By: Ghost and the US Army
The following text was paraphrased and copied
fro the US Army's FM 23-10 on sniping. I've cut and pasted what applies to
paintball and changed a few words, but all the relevant info is there.
As a sniper operating in urban terrain, you have several positions to
choose from. Attics, street level, and basements all offer shooting cells. Urban
terrain offers a maximum amount of cover from fire and view while letting you
engage targets at will. A sniper team can stop an advance in urban terrain.
Be aware of the outer appearance of a building that you are occupying.
Don't pick an overly obvious building or structure such as the only brick
building in a town setting or the only yellow house. Shooting through barricaded
windows is preferred, if most windows are boarded up.
Building loopholes in other windows gives you more options to engage
targets. If building or knocking out loopholes is allowed, make them in
different sizes and shapes. This will reduce the "Man Made" look and
not draw the attention of the opposition. Numerous loopholes make the one you
are using inconspicuous and will confuse the people you are firing on. They may
know which building you are in, but by the time they figure out where you were
in the building, you have already relocated or abandoned the building as
When firing, stay back from your loophole if at all possible. If you fire
from inside, the sound will be muffled and you will sound like you are farther
away and render you harder to find. Do not fire from the same place continually.
This gives the opposition an opportunity to find you and pin you down while they
take the building and cut off your retreat.
Room Hide Position.
In a room hide position, the sniper team uses an existing room and fires through a window or loophole. When selecting a position, teams must notice both front and back window positions. To avoid silhouetting, they may need to use a backdrop such as a dark-coloured blanket, canvas, carpet, and a screen. Screens (common screening material) are important since they allow the sniper teams maximum observation and deny observation by the enemy.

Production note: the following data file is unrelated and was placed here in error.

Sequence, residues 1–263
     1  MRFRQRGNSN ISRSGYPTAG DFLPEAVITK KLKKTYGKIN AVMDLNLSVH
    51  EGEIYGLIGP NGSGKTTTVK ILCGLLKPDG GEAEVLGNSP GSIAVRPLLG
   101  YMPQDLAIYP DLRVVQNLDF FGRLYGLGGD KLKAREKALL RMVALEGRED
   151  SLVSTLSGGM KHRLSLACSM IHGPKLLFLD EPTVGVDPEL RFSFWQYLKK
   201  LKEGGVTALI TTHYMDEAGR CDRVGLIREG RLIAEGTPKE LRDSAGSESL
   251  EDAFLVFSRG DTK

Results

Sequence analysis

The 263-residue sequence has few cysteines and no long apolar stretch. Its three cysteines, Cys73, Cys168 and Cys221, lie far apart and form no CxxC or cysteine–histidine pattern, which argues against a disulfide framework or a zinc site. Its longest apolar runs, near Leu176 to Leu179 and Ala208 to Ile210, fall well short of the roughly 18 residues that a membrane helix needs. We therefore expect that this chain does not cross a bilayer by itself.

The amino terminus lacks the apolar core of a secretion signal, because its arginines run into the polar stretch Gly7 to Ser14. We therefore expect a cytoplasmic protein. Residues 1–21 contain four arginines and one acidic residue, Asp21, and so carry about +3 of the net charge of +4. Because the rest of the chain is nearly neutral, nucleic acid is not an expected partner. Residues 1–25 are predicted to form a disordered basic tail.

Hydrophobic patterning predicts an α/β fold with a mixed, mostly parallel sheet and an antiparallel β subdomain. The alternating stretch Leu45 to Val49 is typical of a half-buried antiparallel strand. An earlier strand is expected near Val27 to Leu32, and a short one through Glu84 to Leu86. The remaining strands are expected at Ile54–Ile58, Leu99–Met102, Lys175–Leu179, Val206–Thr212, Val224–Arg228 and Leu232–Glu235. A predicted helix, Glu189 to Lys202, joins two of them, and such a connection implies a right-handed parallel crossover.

Rafter Hide Position.
The sniper team constructs a rafter hide position in the attic of an A-frame-type building. These buildings normally have shingled roofs. Firing from inside the attic
Sniper teams use the technique best suited for
the urban hide position.
The second floor of a building is usually the best location for the position. It
presents minimal dead space but provides the team more protection since
passers-by cannot easily spot it.
Normally, a window is the best viewing aperture/loophole.
(a) If the window is dirty, do not clean it for
(b) If curtains are prevalent in the area, do
not remove those in the position. Lace or net-type
curtains can be seen through from the inside, but they are difficult to
see through from the outside.
(c) If strong winds blow the curtains open,
staple, tack, or weight them.
Other loopholes/viewing apertures are nearly unlimited.
Drilled holes (hand drill if allowed).
Brick removal (if allowed).
Loose boards/derelict houses.
The sniper makes sure the ball clears the loophole. The muzzle must be far
enough from the loophole to ensure the
ball's path is not in line with the bottom of the loophole.
Front drops, usually netting, may have to be changed (if the situation permits)
from dark to light colors due to sunlight or lack of sunlight into the position.
Always plan an escape route that leads to a rally point. When forced to vacate
the position, the team meets the security element at the rally point. Normally,
the team will not be able to leave from the same point at which it gained
access; therefore, a separate escape point may be required in emergency
situations. The team must consider windows (other than the viewing apertures);
anchored ropes to climb down buildings.
The type of uniform or camouflage to be worn by the team will be dictated by the
situation, how they are employed, and area of operation. The following applies:
(a) Most often, the BDU and required equipment
(b) Urban-camouflaged uniforms can be made or
purchased. Urban areas vary in colour mostly grey [cinder block]; red [brick]; white [marble]; black
[granite]; or stucco,clay, or wood). Regardless of area colour, uniforms should include
(c) When necessary, most woodland-patterned
BDUs can be worn inside out as they are a grey or green-grey colour underneath.